From the desk of Steve Cabot: Maybe it’s arrogance, as Organized Labor feels increasingly emboldened by its protectors and enablers in the Administration and Congress. Or maybe it’s desperation, as union leaders sense a political sea change that threatens those cozy relationships and their delusional demands at the bargaining table.

Whatever the motivation, what is clear is that employers are being confronted increasingly by labor tactics as old as extortion and physical violence and as new as cyber attacks and a range of dirty tricks impacting companies and their customers alike.

One current high-profile illustration of over-the-line union thuggery involves a broad campaign of blackmail, extortion and other criminal acts against Sodexo USA, which has filed suit against SEIU in federal court under the RICO Act. A U.S. district judge recently denied the union’s motion for dismissal, thus green-lighting the case for immediate prosecution.

One of the documents discovered as this case has unfolded is a 70-page “how-to” intimidation manual (click here to download) which encourages, among other things, targeting board members and their families for public harassment and personal embarrassment within their community. You may remember an example of this in May when SEIU drove 14 busloads of screaming, bullhorn-equipped, placard-carrying protestors to the home of Bank of America’s deputy general counsel in suburban Washington, DC, terrifying their teenage son who was alone in the house.

It has been equally alarming to watch the union tactics in the Verizon strike. You may have seen the viral video of a picketer pushing his young daughter in front of a moving Verizon truck while shouting obscenities at the nonunion employees trying to get to work. In a related incident, police in Uniontown, PA reported an act of “criminal mischief” in which the power was cut to all land lines in the area,  including those to state police barracks and other emergency services. All indications are that it was an inside job.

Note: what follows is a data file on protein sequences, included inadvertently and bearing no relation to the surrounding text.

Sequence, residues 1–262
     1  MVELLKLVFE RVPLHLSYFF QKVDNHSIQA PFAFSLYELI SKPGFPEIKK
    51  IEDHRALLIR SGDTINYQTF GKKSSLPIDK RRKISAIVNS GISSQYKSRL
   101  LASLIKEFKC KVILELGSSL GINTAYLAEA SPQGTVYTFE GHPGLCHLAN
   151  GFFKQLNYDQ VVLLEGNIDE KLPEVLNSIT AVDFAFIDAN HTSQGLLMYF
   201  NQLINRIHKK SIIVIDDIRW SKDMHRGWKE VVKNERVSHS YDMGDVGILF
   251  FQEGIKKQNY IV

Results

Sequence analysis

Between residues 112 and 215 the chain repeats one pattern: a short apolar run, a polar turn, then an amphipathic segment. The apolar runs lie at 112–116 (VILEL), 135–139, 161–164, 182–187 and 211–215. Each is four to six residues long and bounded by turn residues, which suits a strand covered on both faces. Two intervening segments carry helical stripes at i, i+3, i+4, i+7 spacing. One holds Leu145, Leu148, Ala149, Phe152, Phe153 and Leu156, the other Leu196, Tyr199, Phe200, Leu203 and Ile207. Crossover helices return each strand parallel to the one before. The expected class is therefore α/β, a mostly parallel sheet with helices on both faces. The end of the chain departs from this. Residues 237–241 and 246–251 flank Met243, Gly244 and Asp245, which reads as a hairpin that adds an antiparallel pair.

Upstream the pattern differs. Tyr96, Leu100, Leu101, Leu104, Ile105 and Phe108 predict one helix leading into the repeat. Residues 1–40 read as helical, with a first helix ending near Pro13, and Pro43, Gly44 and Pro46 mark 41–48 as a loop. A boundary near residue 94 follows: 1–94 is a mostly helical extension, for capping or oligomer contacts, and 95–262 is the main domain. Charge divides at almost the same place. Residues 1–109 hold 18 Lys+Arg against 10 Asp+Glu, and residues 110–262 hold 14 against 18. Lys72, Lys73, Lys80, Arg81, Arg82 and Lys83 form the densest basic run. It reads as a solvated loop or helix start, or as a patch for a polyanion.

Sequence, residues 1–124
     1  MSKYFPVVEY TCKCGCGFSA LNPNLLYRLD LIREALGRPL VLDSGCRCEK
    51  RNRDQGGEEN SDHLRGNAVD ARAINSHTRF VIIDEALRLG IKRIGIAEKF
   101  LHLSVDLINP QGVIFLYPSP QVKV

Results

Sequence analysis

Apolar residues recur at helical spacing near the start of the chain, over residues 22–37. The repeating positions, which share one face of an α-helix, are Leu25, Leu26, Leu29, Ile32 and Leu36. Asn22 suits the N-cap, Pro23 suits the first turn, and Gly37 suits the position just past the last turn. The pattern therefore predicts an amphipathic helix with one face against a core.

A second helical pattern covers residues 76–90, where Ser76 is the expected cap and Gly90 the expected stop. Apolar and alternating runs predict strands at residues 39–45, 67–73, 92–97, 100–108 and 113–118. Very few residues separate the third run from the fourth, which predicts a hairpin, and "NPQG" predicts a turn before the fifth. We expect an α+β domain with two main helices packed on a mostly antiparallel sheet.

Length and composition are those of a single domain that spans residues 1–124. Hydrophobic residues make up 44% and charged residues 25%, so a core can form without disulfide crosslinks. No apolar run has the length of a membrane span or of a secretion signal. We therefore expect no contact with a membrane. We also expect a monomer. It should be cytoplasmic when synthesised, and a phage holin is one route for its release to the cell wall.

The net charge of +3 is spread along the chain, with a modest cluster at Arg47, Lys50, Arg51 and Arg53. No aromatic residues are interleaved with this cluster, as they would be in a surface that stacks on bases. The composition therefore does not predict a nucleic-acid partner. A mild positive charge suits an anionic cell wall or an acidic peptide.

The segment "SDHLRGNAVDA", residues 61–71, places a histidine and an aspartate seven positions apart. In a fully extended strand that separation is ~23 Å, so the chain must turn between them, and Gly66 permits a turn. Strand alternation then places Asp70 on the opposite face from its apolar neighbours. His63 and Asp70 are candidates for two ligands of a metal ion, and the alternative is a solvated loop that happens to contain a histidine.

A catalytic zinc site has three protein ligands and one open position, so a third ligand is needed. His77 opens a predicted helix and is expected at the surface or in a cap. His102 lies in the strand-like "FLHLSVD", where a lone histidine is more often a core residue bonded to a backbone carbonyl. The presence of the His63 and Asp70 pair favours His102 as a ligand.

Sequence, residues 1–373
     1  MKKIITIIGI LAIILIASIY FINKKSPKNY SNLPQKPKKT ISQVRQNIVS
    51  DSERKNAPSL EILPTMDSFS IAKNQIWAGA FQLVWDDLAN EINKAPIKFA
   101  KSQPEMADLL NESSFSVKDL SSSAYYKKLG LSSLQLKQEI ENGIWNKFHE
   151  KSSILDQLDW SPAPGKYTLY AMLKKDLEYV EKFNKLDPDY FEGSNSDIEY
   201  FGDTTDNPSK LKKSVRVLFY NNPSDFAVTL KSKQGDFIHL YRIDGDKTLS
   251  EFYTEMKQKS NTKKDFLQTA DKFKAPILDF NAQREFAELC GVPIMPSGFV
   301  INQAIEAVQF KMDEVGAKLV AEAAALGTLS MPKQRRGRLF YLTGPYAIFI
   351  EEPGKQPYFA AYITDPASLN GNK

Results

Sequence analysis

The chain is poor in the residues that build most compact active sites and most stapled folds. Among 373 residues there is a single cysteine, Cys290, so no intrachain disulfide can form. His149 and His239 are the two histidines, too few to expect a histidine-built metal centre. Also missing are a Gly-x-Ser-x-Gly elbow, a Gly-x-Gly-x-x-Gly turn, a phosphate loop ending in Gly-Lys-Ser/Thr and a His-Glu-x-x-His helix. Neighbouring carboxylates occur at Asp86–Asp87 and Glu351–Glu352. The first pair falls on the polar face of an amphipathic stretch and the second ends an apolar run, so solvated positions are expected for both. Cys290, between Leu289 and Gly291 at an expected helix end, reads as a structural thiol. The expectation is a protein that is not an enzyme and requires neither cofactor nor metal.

This is disturbing stuff. And while Organized Labor may take comfort knowing they are being given a long leash by the pro-union NLRB and Department of Justice, 2012 is coming – and the American people will be heard.

expert labor relations advice


From the desk of Stephen Cabot: According to a front page article in The Wall Street Journal, “the Mid-Atlantic Regional Council of Carpenters is seeking paid demonstrators to march and chant on its current picket line.” The union is picketing an office building for not using unionized workers. It’s apparently all right for the union to use non-union picketers, but it’s not all right for the building management to use non-union workers. Consistency has never been a trademark of union practices.

The union, according to the article, hires unemployed people and pays them a minimum wage, $8.25 an hour.

Yet, unions across the country loudly complain that no one should have to accept the minimum wage because it’s not “a living wage.”

With low labor costs, the Carpenters’ union is able to fund 150 picket lines in Washington, DC, where neither the pro-union NLRB nor the union-friendly White House has murmured a word of disapproval. As the picketers chant, “Low Pay! Go Away!” one can only wonder if the picketers and their low-paying unions are even aware of the inherent irony.

Will a renegade union come along and attempt to organize the non-union picketers? How would the NLRB rule on such a case? One can only hope and smile.

expert labor relations advice